NFC West: Kentwan Balmer

Carson Palmer is the 27th veteran player NFC West teams have acquired since 2010.

The Seattle Seahawks have acquired 13 of them, including current contributors Percy Harvin, Marshawn Lynch, Chris Clemons and Clinton McDonald.

Palmer, acquired by the Arizona Cardinals from the Oakland Raiders on Tuesday, joins Vonnie Holliday, Kevin Kolb and Kerry Rhodes as veteran acquisitions for the Arizona Cardinals over the past three seasons.

The chart lists all 27 for NFC West teams. Shading identifies players still on the acquiring teams' rosters.

On Early Doucet's unusually long run

March, 10, 2013
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Wide receiver Early Doucet might not feel like a success story following his release from the Arizona Cardinals on Saturday.

Doucet struggled with drops and lost playing time last season, after all. Those were negatives, but the bigger picture looks upon his Cardinals tenure more favorably.

Consider that Doucet's departure from the Cardinals leaves NFC West teams with four players from the 28 they selected in their 2008 NFL draft classes.

Chris Long (St. Louis), Calais Campbell (Arizona), Red Bryant (Seattle) and Larry Grant (San Francisco) comprise that short list. Grant played three seasons with St. Louis before re-signing with San Francisco. That places Doucet on a shorter list of 2008 picks lasting five years with the teams that drafted them.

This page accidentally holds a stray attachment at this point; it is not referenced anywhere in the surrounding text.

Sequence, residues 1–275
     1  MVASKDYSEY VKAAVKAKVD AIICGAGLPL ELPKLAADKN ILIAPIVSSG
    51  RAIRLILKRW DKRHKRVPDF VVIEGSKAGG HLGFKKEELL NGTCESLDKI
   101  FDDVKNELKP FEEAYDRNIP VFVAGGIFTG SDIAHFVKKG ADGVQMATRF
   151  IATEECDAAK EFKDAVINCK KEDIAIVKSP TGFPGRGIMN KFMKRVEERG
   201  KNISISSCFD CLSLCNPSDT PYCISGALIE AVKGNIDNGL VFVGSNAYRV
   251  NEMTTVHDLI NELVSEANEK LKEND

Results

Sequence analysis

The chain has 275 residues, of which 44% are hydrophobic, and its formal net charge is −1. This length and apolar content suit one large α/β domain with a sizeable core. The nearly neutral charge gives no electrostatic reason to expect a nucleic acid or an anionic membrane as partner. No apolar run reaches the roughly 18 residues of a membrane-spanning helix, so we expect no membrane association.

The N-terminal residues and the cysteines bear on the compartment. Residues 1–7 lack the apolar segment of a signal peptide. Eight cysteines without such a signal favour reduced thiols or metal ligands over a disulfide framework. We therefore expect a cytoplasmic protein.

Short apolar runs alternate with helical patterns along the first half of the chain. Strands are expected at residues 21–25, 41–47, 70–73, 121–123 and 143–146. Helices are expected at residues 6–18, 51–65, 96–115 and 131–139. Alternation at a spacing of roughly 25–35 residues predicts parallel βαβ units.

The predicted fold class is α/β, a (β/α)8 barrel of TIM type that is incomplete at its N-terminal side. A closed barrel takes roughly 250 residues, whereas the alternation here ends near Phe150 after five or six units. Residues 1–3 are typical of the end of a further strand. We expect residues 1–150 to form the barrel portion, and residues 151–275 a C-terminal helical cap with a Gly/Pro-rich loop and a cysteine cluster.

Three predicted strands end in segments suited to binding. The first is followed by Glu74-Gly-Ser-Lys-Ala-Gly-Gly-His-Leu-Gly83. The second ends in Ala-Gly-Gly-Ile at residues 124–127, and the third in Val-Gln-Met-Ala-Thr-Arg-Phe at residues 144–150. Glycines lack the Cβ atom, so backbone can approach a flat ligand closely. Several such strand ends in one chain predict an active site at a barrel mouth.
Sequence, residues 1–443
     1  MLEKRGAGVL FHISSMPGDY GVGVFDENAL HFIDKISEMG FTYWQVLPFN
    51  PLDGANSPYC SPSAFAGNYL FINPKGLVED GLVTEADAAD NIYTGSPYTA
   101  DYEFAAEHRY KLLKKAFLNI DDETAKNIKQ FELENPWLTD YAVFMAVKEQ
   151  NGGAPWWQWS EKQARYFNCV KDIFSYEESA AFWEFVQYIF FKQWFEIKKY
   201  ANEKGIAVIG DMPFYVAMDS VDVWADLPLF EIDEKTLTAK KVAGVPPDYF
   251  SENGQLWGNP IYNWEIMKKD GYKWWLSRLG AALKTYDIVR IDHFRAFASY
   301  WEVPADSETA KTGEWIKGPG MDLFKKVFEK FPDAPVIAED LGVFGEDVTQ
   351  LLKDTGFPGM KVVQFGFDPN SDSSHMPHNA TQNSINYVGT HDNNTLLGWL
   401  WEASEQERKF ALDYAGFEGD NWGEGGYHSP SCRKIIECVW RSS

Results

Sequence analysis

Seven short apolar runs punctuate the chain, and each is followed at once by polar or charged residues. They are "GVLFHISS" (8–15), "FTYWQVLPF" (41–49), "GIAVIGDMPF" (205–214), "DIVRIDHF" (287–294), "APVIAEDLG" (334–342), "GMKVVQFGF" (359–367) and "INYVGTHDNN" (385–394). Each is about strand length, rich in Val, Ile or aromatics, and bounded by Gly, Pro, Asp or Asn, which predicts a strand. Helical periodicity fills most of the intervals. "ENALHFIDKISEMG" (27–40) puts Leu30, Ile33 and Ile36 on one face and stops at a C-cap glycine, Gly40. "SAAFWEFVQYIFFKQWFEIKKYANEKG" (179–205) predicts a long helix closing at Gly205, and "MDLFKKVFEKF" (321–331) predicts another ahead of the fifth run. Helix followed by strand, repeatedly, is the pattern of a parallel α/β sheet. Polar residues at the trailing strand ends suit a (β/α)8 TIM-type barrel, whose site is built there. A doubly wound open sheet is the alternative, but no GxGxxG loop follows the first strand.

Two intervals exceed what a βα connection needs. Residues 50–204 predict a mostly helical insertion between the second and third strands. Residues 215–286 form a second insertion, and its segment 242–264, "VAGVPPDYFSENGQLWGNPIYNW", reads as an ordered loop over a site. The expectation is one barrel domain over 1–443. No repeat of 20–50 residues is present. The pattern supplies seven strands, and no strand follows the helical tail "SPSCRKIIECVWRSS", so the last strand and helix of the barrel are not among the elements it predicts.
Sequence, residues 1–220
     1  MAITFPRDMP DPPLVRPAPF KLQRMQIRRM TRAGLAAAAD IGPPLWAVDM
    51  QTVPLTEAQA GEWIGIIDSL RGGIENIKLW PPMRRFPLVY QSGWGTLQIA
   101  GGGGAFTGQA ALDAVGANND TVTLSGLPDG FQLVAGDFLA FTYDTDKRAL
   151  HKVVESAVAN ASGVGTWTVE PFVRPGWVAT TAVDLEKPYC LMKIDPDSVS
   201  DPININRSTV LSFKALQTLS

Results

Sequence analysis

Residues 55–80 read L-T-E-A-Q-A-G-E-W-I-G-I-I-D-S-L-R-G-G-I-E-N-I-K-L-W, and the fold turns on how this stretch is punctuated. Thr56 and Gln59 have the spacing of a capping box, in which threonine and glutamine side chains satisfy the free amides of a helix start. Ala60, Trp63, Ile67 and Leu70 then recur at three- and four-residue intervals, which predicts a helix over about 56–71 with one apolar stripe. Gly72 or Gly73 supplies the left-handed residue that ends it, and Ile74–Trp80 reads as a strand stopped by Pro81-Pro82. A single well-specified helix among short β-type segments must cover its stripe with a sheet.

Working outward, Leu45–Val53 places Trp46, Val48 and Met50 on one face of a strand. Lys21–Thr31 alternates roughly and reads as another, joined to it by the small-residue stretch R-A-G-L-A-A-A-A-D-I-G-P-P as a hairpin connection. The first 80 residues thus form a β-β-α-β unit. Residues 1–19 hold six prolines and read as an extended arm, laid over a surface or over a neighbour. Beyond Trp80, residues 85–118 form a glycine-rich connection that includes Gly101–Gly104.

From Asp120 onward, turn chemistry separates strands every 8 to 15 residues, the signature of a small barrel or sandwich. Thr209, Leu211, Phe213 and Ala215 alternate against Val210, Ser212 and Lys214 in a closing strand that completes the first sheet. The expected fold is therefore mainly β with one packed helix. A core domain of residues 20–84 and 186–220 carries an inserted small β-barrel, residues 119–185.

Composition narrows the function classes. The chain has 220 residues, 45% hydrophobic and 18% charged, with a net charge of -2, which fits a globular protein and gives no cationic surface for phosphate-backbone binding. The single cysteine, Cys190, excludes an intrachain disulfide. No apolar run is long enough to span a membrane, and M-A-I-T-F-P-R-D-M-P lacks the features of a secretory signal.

NFC West teams drafted Long, Dominique Rodgers-Cromartie, Lawrence Jackson, Kentwan Balmer, Donnie Avery, John Carlson, Chilo Rachal, Campbell, John Greco and Reggie Smith before the Cardinals selected Doucet.

Doucet never became a regular starter, but Fitzgerald and Boldin were well-established as franchise cornerstones when he arrived. And after Arizona traded Boldin in 2010, the team used a third-round choice for Andre Roberts.

Doucet was scheduled to earn $2 million in salary and workout bonus in 2013. He is 27 years old and could help a team as a slot receiver, in my view.

Doucet has 1,213 yards receiving from the slot since 2008, third on the Cardinals behind Boldin (1,352) and Fitzgerald (1,221) over that span, according to ESPN Stats & Information. He also has 14 drops on those plays, matching the total for Boldin (eight) and Fitzgerald (six).

Draft rewind: 49ers' five-year recap

February, 20, 2013
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A look at the NFC West's best and worst from the past five NFL drafts, one team at a time.

San Francisco 49ers